Venezuela, Myanmar failing to combat drug trafficking, US says
Deutsche Presse Agentur
Monday September 18, 2006
Washington- The governments of Venezuela and Myanmar have not cooperated with international efforts to curtail the production and trafficking of illicit drugs, the White House said Monday. US President George W Bush has reported to Congress that "Burma (Myanmar) and Venezuela have failed demonstrably during the previous 12 months to adhere to their obligations under international counter- narcotics agreements," spokesman Tony Snow said.
In his annual report to Congress, Bush also raised concerns about increased cocaine production in Bolivia although the government has improved efforts to halt illegal shipments.
"Despite increased drug interdiction, Bolivia has undertaken policies that have allowed the expansion of coca cultivation and have significantly curtailed eradication," the White House said.
Bush's report outlined 20 countries as major drug producers or transit points for shipments regardless of whether they are viewed as cooperating in the effort or not.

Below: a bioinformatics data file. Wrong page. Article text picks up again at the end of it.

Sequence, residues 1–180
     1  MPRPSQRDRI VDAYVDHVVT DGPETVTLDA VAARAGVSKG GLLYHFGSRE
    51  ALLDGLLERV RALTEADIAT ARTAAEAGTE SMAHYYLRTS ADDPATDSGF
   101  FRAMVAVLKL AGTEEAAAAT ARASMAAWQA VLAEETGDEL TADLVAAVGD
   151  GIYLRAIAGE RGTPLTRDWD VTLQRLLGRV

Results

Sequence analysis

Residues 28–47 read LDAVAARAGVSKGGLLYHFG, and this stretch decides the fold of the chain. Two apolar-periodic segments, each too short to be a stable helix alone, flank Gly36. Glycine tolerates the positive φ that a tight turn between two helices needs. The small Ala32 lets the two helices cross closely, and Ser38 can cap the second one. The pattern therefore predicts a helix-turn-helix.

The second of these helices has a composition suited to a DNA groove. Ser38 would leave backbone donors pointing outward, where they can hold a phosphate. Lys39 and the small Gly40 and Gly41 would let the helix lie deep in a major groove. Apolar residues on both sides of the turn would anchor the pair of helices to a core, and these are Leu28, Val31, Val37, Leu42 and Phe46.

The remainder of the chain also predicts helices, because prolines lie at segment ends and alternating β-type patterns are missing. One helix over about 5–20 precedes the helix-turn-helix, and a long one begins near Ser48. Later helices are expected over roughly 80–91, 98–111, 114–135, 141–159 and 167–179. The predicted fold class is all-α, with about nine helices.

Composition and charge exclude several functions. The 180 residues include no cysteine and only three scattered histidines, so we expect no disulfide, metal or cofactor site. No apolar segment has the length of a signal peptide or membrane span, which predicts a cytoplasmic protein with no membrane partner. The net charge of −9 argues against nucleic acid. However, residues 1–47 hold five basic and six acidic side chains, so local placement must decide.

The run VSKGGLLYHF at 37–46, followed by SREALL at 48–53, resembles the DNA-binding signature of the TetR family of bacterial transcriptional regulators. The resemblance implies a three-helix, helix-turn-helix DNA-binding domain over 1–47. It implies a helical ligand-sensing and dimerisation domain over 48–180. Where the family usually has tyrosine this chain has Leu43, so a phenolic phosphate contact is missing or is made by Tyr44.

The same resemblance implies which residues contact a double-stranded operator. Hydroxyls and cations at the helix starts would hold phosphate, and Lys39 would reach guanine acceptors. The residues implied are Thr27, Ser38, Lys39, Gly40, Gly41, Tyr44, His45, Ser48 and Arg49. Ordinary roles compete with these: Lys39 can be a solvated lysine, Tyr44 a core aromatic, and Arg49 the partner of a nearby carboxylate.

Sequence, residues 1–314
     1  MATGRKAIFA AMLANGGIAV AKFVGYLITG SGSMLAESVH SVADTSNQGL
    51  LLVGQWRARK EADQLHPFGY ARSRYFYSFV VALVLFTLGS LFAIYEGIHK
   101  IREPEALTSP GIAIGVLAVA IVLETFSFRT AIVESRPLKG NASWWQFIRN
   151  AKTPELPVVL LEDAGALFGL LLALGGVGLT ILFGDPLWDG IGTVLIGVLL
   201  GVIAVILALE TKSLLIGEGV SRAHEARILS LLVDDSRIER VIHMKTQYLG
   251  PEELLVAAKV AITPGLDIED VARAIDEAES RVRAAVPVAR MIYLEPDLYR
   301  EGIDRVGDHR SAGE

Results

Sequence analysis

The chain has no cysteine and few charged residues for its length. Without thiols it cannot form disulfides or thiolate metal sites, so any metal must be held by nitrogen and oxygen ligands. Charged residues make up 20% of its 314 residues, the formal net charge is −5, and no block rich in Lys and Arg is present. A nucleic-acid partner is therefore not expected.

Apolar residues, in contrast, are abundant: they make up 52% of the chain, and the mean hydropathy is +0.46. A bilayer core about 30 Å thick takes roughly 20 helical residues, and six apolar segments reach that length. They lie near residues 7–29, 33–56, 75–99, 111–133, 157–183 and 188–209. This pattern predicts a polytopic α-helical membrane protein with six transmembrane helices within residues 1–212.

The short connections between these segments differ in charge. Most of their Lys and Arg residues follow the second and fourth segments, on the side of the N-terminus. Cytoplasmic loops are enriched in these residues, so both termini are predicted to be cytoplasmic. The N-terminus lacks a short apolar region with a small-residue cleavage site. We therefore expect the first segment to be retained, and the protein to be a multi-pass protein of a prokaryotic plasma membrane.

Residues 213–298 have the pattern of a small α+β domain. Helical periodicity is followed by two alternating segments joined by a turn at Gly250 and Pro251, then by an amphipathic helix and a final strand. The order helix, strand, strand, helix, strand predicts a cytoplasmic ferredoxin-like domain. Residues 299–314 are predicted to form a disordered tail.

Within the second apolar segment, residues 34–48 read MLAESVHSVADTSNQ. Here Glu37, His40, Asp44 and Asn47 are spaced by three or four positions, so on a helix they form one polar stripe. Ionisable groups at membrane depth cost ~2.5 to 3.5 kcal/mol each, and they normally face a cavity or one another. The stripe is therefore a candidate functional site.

They include: Afghanistan, The Bahamas, Bolivia, Brazil, Burma, Colombia, Dominican Republic, Ecuador, Guatemala, Haiti, India, Jamaica, Laos, Mexico, Nigeria, Pakistan, Panama, Paraguay, Peru, and Venezuela.
Afghanistan has been the focus of international efforts to halt the production of poppy seeds, which can be used to make heroin or opium. Poppy seed production has ballooned in the country since US- led forces toppled the Taliban in 2001.
"Although President (Hamid) Karzai has strongly attacked narco- trafficking as the greatest threat to Afghanistan, one third of the Afghan economy remains opium-based," the White House said.
© 2006 DPA - Deutsche Presse-Agenteur